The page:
Understanding Yoga History and Philosophy

If you want to understand yoga history and philosophy you can’t beat a good book. Here, Peter Donahue explores two must-reads for every yoga student, teacher or scholar

I began my yoga practice mid-life with a rather cranky body. Before long, with the help of experienced instructors and plenty of props, I was doing poses I never imagined possible. Then, a year into my practice, one of my instructors invited me to a monthly Sutra Study group she ran. “You mean there’s more to yoga,” I asked her. And…“What’s a sutra?”

Since then I’ve read many books on yoga history and philosophy, taken online courses with brilliant teachers through programmes such as Yogic Studies, and begun learning Sanskrit. Nonetheless, given how ancient and vast yoga is, my understanding of its history and philosophy always seemed piecemeal at best — and probably was.

That has changed with the publication of The Truth of Yoga by Daniel Simpson and Tracing the Path of Yoga by Stuart Ray Sarbacker. These two lucid, well-researched books make it possible to identify the many interconnections within this phenomenally multifaceted subject while also taking in the broader picture of yoga history and philosophy. In other words, to see the trees and the forest.


The Truth of Yoga

The Truth of Yoga by Daniel Simpson, a former foreign correspondent who now teaches at the Oxford Centre for Hindu Studies, is the more accessible of the two works. Simpson places the history into four chronological blocks: Early Yoga, Classical Yoga, Hatha Yoga, and Modern Yoga. Within each he examines a wide variety of topics in clear, concise, readily digestible subsections, making The Truth of Yoga the perfect primer for the instructor-in-training or the ordinary practitioner wishing to explore yoga beyond the purely postural.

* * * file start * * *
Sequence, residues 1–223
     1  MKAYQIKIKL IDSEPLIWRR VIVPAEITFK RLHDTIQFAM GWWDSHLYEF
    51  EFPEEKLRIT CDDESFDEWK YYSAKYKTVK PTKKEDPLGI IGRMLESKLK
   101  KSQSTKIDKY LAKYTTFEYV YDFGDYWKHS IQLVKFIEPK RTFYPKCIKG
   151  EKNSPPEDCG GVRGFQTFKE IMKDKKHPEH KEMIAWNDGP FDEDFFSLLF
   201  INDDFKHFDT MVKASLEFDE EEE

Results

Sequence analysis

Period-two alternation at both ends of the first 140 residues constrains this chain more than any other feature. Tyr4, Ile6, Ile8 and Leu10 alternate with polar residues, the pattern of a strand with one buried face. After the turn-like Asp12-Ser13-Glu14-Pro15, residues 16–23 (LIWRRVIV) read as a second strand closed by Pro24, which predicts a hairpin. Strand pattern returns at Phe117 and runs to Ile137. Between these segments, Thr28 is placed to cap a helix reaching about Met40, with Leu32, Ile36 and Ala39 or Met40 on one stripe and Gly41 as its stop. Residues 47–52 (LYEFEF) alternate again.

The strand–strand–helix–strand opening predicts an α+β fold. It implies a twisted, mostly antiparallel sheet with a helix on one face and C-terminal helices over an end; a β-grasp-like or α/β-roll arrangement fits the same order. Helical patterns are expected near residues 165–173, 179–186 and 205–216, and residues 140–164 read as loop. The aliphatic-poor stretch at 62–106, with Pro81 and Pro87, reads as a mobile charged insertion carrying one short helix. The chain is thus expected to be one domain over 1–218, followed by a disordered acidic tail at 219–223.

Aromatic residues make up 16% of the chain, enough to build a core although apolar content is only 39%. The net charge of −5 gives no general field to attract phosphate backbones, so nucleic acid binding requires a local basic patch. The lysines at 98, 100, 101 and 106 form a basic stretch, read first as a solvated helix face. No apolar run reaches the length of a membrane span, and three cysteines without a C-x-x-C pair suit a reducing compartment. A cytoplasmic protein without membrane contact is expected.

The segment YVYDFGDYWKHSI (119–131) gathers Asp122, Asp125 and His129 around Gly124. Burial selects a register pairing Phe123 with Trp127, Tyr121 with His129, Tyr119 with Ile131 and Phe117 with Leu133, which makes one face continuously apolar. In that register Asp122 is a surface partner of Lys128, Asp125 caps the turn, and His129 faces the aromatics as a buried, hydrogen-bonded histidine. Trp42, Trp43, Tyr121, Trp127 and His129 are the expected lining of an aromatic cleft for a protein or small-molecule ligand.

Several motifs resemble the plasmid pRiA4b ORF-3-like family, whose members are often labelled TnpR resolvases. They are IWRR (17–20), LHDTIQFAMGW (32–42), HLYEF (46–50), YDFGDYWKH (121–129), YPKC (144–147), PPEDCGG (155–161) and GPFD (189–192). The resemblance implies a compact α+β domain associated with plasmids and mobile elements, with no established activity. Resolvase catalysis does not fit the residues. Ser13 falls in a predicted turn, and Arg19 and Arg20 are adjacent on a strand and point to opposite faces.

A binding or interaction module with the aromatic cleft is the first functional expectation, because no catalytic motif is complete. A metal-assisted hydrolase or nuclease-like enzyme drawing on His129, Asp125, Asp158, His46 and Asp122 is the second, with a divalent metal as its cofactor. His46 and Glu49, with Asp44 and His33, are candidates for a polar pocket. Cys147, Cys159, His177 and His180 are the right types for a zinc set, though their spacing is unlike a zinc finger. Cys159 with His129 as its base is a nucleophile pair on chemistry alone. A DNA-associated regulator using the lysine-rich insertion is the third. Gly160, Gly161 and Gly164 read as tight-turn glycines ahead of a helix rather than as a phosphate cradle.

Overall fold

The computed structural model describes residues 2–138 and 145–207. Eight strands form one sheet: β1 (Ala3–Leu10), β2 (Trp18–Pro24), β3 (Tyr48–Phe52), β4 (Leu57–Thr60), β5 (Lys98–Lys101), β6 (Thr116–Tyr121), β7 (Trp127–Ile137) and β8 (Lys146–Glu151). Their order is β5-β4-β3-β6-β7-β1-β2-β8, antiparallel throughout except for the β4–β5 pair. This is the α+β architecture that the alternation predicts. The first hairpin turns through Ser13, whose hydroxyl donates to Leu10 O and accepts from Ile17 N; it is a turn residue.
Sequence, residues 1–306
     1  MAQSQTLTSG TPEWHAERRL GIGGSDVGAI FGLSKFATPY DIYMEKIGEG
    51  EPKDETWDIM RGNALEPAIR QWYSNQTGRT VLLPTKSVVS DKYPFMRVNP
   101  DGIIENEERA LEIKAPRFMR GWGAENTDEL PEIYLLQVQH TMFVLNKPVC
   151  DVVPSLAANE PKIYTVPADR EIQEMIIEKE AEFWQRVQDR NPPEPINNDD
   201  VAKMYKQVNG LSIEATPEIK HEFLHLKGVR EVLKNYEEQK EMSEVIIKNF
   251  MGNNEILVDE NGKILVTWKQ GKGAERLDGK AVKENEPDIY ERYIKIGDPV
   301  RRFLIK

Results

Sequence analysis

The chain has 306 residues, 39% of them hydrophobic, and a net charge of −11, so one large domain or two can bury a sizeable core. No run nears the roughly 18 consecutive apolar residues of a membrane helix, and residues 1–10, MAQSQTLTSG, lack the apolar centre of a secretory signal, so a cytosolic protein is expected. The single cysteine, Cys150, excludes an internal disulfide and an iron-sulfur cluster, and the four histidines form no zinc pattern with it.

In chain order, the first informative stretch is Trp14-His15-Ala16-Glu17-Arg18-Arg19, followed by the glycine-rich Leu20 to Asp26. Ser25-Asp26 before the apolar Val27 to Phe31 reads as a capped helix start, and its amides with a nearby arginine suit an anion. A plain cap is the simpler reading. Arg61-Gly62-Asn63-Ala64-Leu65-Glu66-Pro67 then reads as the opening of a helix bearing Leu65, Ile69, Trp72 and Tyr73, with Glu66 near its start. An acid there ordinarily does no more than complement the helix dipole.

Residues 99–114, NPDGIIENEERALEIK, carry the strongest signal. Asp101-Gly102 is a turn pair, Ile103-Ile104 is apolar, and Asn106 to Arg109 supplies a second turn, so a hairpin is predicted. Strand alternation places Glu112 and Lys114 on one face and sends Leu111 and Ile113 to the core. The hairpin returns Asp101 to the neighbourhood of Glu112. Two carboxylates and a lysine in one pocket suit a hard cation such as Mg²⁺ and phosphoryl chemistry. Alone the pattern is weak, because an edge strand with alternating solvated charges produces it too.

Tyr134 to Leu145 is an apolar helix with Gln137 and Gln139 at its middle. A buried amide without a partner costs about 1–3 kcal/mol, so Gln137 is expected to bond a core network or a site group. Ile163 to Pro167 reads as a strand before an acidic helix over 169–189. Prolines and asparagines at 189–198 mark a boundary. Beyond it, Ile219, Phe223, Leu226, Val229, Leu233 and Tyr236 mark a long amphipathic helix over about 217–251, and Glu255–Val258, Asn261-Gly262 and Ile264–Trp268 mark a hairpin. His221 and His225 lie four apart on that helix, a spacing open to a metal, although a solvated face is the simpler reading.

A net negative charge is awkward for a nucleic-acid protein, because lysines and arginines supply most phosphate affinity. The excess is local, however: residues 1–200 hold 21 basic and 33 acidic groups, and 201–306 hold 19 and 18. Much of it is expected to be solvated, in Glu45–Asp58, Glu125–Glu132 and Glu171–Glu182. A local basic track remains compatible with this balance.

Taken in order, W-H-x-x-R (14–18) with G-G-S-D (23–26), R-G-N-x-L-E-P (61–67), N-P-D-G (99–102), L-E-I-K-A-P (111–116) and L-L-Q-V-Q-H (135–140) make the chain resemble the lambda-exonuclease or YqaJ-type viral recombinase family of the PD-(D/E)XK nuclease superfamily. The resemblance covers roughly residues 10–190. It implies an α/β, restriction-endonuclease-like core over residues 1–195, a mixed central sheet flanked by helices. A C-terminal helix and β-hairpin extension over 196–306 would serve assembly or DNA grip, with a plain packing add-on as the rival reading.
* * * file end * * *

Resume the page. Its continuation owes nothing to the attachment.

Courtesy Daniel Simpson

Simpson opens with two fundamental facts: (1) that there is no one true yoga, and (2) that yoga is a practice, not a belief. Later Simpson adds: “Practically speaking, yoga is about our relationship with everything.” He uncovers its deep roots in the religious-spiritual-cultural traditions of India, and always returns to the notion of yoga as a practice. He cites the very first commentary on Pātañjali’s Yogasūtra (3.6): “Yoga is to be known by yoga, and yoga itself leads to yoga. He who remains steadfast in yoga always delights in it.”

Simpson goes on to examine the many factors that contributed to yoga’s development, from ritual and renunciation to mantras and meditation. He cites references to yoga in the earliest sacred texts, the Vedas and Upanishads, to trace how key concepts and practices, such as Pratyāhāra [sensory withdrawal] and Dhāraṇā [concentration] took hold. He also considers the relationship of yoga to Buddhism and Jainism, as well as the many forms that yoga can take, such as devotional (bhakti) and action (karma) yoga, as exemplified in the Bhagavadgītā. Simpson charts the rise of postural yoga with the advent of Hatha yoga and the shift to a greater focus on the body with Tantric yoga, including the “subtle body” of the chakras (energy centres) and nadis (energy channels).